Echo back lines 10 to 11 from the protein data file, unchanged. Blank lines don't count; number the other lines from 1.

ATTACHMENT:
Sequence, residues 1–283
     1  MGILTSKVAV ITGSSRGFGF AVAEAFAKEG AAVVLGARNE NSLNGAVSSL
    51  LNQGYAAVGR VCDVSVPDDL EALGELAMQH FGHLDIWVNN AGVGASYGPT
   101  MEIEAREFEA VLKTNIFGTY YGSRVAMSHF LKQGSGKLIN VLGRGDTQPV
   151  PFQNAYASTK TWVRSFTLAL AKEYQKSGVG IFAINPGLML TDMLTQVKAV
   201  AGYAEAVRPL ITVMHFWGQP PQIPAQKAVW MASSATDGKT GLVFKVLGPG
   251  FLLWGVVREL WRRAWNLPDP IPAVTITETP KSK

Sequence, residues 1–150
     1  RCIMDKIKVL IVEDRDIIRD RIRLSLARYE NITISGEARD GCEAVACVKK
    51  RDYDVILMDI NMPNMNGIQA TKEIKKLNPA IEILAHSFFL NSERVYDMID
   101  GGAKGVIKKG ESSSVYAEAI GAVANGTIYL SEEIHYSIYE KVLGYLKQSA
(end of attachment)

    51  RDYDVILMDI NMPNMNGIQA TKEIKKLNPA IEILAHSFFL NSERVYDMID
   101  GGAKGVIKKG ESSSVYAEAI GAVANGTIYL SEEIHYSIYE KVLGYLKQSA